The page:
# Mathema

Random notes about mathematics with dynamic and interactive activities

Random notes about mathematics with dynamic and interactive activities

The following images show a graphical representation of the flow of velocity fields. In them you can observe the behavior of particles moving with respect to the velocity field. I made these images with the program GeoGebra and I used filters from Snapseed.

$\mathbf v=(x-y,x+y)$

$\mathbf v=\left(-\dfrac{y}{x^2+y^2},\dfrac{x}{x^2+y^2}\right)$

$\mathbf v=(x,-y)$

Guess who is $\mathbf v$

$\mathbf v=(-x+xy-x^2,-xy+y)$

$\mathbf v=\left(\dfrac32\cos y,\dfrac32\,\text{sen } x\right)$

$\mathbf v=(x^2-y^2,2xy)$

$\mathbf v=\left(\dfrac32\cos y,\dfrac32\text{sen} x-y\right)$

$\mathbf v=\left(-1-\dfrac{x}{(x^2+y^2)^{3/4}},-1-\dfrac{y}{(x^2+y^2)^{3/4}}\right)$

If you have time to observe the behavior of the flow defined by the velocity field and want to make abstract paintings, then click the image below or on the link.

https://www.geogebra.org/m/JPUBhFgs

$\mathbf v=(x-y,x+y)$

$\mathbf v=\left(-\dfrac{y}{x^2+y^2},\dfrac{x}{x^2+y^2}\right)$

$\mathbf v=(x,-y)$

Guess who is $\mathbf v$

$\mathbf v=(-x+xy-x^2,-xy+y)$

$\mathbf v=\left(\dfrac32\cos y,\dfrac32\,\text{sen } x\right)$

$\mathbf v=(x^2-y^2,2xy)$

$\mathbf v=\left(\dfrac32\cos y,\dfrac32\text{sen} x-y\right)$

$\mathbf v=\left(-1-\dfrac{x}{(x^2+y^2)^{3/4}},-1-\dfrac{y}{(x^2+y^2)^{3/4}}\right)$

If you have time to observe the behavior of the flow defined by the velocity field and want to make abstract paintings, then click the image below or on the link.

https://www.geogebra.org/m/JPUBhFgs

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Vector fields arise very naturally in physics and engineering applications from physical forces: gravitational, electrostatic, centrifugal, etc. For example, the vector field defined by the function

\[

\mathbf{F}(x,y,z)=-w_0\left(\frac{x}{\left(x^2+y^2+z^2\right)^{3/2}},\frac{z}{\left(x^2+y^2+z^2\right)^{3/2}},\frac{z}{\left(x^2+y^2+z^2\right)^{3/2}}\right),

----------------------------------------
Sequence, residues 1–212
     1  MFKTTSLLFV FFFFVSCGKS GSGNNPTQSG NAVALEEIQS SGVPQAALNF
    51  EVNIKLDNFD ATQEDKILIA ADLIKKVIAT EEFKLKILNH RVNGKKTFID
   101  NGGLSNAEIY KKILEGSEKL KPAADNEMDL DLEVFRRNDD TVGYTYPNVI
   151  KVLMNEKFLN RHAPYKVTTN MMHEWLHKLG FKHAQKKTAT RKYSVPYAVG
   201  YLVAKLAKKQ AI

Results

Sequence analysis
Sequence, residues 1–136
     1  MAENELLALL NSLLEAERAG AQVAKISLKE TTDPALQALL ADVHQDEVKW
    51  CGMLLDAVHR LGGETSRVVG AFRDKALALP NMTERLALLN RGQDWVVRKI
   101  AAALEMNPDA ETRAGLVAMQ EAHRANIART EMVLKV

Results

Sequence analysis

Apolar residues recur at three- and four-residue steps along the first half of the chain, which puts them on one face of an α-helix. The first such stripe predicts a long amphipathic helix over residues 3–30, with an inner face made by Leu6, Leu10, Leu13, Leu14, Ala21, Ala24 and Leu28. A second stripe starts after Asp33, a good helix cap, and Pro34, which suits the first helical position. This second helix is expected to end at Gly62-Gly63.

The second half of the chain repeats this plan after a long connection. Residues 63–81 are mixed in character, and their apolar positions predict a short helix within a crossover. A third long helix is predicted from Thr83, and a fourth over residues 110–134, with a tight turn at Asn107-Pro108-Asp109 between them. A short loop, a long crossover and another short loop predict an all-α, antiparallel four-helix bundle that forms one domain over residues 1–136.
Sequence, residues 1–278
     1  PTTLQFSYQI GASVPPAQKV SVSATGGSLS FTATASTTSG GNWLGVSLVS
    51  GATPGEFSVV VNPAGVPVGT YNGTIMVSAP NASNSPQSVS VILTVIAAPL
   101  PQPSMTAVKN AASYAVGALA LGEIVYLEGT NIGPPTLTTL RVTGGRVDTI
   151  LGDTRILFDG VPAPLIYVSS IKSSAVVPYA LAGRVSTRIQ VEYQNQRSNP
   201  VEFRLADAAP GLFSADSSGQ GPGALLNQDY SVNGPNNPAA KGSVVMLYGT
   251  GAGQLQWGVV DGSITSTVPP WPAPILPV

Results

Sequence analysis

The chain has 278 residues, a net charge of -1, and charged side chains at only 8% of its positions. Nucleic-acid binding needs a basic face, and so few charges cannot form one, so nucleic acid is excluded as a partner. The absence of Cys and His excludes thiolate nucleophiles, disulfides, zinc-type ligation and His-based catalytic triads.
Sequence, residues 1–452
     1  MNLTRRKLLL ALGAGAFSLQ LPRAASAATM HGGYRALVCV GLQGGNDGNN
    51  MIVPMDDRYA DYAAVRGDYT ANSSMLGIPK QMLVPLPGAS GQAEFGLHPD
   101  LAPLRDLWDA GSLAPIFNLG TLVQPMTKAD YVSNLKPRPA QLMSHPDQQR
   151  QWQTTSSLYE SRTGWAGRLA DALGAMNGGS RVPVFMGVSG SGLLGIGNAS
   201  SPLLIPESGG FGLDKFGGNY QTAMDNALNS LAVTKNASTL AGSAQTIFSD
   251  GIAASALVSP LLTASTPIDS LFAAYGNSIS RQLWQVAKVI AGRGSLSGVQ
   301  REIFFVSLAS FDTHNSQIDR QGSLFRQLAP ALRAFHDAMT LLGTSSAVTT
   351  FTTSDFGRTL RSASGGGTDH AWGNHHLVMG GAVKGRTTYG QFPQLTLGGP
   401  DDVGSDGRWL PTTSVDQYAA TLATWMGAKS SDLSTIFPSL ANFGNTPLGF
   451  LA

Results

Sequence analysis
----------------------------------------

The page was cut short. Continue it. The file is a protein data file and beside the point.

\]

where $w_0$ is a real number, is associated with gravity and electrostatic attraction. The gravitational field around a planet and the electric field around a single point charge are similar to this field. The field points towards the origin (when $w_0>0$) and is inversely proportional to the square of the distance from the origin.

**Simulation**

Gravitational/Electrostatic field: Click on the image (or link below) to run the simulation.

Link: Here

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Another important example is the velocity vector field $\mathbf{…

\[

\mathbf{F}(x,y,z)=-w_0\left(\frac{x}{\left(x^2+y^2+z^2\right)^{3/2}},\frac{z}{\left(x^2+y^2+z^2\right)^{3/2}},\frac{z}{\left(x^2+y^2+z^2\right)^{3/2}}\right),

\]

where $w_0$ is a real number, is associated with gravity and electrostatic attraction. The gravitational field around a planet and the electric field around a single point charge are similar to this field. The field points towards the origin (when $w_0>0$) and is inversely proportional to the square of the distance from the origin.

Gravitational/Electrostatic field: Click on the image (or link below) to run the simulation.

Link: Here

----------------------------------------------------------------------------------------------------------------------

Another important example is the velocity vector field $\mathbf{…

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If $C$ is a piecewise-smooth, simple closed curve, the net outward flux of a vector field $\mathbf v =v_1(x,y)\,\mathbf i +v_2(x,y)\,\mathbf j$ across $C$ is given by

$$\text{Net outward flux}=\oint_C \mathbf v\cdot \mathbf n\, dS$$

where $\mathbf n$ is a unit vector normal to $C$, directed outward from the region bounded by $C$.

$$\mathbf v \cdot \mathbf n =|\mathbf v|=r.$$

It follows that

$$\text{Net outward flux}=\oint_C \mathbf v\cdot \mathbf n dS=\oint_C r\,dS=r\oint_C dS=2\pi r^2.$$